Australia tells OECD it is getting serious about foreign bribery
July 2015 | SPECIAL REPORT: WHITE-COLLAR CRIME
Financier Worldwide Magazine
It is well known that Australia has a patchy enforcement record in the area of foreign bribery and corruption. In 2012, the OECD published its ‘Phase 3 Report on Implementing the OECD Anti-Bribery Convention in Australia’ (2012 OECD Report), the Report analysed Australia’s compliance with the OECD Convention and made a number of recommendations on how Australia could improve its implementation and enforcement of the Convention. Those recommendations mainly addressed the key criticisms of Australia’s implementation efforts to that time, that the Australian Federal Police (AFP) officials tasked with investigating foreign bribery cases may have “closed foreign bribery cases before thoroughly investigating the allegations” and that Australia’s enforcement authorities were failing to work together to ensure that allegations of improper conduct were properly investigated.
Fast forward to 2015 and it is clear that the 2012 OECD Report’s recommendations (and several high profile corruption events in Australia in the interim) have had serious impact at many levels. There has been unprecedented focus on bribery and corruption by the AFP, with an additional prosecution and at least 15 active investigations on foot (a notable increase). There has also been an important restructuring of investigative and enforcement efforts, with improved cooperation within government agencies, as well as between Australian and foreign authorities. Australian companies doing business abroad without effective anti-bribery and corruption compliance measures are at serious risk on many levels.
Australia’s update to the OECD is contained in the ‘Follow-up to the Phase 3 Report & Recommendations’ that was released in April of this year (2015 Report). The 2015 Report details three areas of change in Australia’s efforts to tackle foreign bribery and corruption: (i) improvements and reforms in the investigation of foreign bribery and corruption allegations by the AFP; (ii) improved cooperation between the various arms of government charged with investigative powers into bribery and corruption matters; and (iii) legislative reform. While positive steps have been taken with respect of the first two areas, it is clear that there is still more to do and that Australia’s compliance with its treaty obligations with respect to anti-bribery and corruption remains a work in progress.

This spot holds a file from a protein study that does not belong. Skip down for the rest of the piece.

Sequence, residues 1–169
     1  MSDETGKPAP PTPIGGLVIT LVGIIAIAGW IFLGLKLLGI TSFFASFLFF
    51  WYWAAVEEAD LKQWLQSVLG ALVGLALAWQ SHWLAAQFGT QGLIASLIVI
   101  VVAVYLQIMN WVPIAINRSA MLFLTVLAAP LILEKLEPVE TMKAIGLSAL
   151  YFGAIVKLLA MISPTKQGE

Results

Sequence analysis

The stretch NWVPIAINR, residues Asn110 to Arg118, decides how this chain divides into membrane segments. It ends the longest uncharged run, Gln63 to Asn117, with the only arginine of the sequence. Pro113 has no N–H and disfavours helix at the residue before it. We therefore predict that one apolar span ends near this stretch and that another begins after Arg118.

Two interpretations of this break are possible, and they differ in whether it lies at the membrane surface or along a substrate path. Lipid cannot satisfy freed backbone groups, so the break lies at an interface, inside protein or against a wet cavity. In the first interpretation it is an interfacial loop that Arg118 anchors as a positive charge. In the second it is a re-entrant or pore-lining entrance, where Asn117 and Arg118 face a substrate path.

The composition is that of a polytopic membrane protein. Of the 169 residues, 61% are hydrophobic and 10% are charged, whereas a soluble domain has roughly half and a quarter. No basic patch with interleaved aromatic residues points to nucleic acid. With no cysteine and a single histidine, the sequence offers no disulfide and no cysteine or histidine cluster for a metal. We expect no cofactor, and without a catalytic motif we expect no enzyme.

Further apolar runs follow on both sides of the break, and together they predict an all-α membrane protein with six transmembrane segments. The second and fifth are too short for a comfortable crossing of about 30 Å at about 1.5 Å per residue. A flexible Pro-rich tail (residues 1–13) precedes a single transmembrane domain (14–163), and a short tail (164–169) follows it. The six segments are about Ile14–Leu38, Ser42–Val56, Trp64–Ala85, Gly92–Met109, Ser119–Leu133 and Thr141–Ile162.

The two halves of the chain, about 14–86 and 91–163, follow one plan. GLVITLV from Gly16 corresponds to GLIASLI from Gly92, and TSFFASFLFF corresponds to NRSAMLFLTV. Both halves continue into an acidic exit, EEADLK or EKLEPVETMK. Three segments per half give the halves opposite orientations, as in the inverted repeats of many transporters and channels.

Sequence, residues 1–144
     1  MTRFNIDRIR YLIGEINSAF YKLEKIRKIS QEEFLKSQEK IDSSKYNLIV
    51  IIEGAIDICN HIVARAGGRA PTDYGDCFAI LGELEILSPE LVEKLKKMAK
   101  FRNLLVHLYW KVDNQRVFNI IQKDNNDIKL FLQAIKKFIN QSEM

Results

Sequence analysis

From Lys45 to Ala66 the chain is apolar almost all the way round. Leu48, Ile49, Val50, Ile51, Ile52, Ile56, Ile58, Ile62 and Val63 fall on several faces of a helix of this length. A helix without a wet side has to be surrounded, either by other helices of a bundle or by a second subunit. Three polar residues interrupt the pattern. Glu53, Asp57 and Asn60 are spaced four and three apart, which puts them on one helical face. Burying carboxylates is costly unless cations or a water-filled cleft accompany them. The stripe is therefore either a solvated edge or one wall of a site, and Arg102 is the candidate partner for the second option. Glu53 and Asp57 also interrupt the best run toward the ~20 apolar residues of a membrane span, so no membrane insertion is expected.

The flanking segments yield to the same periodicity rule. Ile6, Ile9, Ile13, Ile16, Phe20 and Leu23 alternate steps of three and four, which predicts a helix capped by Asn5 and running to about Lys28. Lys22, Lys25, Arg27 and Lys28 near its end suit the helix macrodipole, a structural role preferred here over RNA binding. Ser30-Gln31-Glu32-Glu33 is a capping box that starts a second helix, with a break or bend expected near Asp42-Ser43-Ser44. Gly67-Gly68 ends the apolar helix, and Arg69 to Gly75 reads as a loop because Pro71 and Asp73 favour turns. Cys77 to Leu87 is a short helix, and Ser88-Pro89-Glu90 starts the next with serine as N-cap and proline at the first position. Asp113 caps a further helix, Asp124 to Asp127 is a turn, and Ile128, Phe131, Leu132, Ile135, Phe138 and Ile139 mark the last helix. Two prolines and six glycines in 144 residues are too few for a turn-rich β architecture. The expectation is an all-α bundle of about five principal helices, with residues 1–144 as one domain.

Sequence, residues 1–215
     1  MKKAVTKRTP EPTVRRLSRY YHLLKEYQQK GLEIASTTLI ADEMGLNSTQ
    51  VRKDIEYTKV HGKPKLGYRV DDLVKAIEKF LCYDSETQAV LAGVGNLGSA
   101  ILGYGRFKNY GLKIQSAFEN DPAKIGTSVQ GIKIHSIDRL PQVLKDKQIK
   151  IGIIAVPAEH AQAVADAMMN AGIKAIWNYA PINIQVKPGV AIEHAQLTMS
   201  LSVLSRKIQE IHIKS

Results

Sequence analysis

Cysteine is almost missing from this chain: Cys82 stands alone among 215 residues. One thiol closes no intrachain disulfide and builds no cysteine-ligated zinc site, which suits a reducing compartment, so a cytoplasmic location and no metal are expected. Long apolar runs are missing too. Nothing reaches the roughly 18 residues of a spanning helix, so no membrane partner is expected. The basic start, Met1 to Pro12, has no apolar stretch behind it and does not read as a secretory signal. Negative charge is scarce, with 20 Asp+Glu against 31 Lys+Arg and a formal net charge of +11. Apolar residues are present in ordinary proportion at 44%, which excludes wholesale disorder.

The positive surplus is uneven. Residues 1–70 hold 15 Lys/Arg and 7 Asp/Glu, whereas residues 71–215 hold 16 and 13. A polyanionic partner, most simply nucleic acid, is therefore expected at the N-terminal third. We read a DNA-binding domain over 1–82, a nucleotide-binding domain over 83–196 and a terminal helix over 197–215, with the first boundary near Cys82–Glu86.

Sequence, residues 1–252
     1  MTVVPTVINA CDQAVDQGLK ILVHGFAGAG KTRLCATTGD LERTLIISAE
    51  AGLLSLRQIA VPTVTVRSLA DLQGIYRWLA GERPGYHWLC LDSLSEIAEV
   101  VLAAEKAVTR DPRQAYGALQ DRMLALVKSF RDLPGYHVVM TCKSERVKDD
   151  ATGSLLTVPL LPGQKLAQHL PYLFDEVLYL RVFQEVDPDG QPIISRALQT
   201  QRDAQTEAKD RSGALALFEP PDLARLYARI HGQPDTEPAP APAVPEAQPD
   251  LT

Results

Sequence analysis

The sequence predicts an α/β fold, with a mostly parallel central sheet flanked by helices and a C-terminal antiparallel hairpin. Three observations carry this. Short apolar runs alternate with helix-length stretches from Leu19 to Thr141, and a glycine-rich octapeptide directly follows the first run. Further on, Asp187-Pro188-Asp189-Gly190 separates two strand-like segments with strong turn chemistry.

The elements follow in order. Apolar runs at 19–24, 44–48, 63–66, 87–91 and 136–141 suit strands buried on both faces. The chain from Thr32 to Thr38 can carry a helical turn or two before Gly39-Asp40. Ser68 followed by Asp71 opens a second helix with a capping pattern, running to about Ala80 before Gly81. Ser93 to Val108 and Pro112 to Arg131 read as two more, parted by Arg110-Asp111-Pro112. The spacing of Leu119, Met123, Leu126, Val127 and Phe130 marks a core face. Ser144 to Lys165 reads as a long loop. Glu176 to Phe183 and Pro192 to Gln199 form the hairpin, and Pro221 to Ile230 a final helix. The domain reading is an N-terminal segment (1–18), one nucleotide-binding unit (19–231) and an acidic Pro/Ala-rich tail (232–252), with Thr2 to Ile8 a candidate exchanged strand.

Investigation and enforcement
The 2012 OECD Report raised a question as to whether the AFP had sufficient expertise to adequately investigate allegations of bribery and corruption. The concern expressed by the OECD was that without a dedicated unit for foreign bribery, the AFP lacked adequate expertise in investigating corporate economic crime and foreign bribery matters and that this may have led to investigations being closed prematurely or left for investigation by the ASIC (or others), without any proper coordination between the investigative bodies. Clear examples exist, including a high profile matter involving BHP Billiton which US authorities ultimately took the lead on (and recently levied a significant penalty). The AFP has responded to this criticism by setting up a dedicated fraud and anti-corruption team in February 2013. The fraud and anti-corruption team receives guidance from the AFP Foreign Bribery Panel of Experts – a multi-disciplinary/multi-agency body established prior to the 2012 OECD Report, but now with a wider role in the evaluation and investigation of foreign bribery matters and in the training of AFP officers.
It is difficult to comment on the effectiveness of these reforms as yet, but the increase in active foreign bribery investigations (including at least one referred to the Commonwealth Director of Public Prosecution) signals a change. Publicly available information tells us that some of Australia’s biggest companies, including Leighton Holdings (now CIMIC Group) and BHP Billiton, have been the subject of investigation by the AFP in the time since the 2012 OECD Report. The detail of most investigations is not public, but it is reasonable to infer that some of Australia’s largest corporations, as well as several mid-cap companies have been or are presently under investigation.
Australia’s response to the OECD recommendations in relation to foreign bribery is complemented by an increasingly active approach in tackling domestic corruption. There have been a number of high-profile examples of domestic corruption cases, including the New South Wales Independent Commission Against Corruption (ICAC) investigations into Australian Water Holdings Pty Ltd. This investigation led to the resignations of several high profile ministers of the state government of New South Wales, including the premier.
Additionally, there has been a Royal Commission into governance and corruption in relation to the trade union movement in Australia. Although the Royal Commission is ongoing, it is expected that there will be wide-ranging ramifications for anti-bribery and corruption in Australia. Indeed, one proposal put to the Commission is that corrupt payments involving companies should attract fines of up to $17m.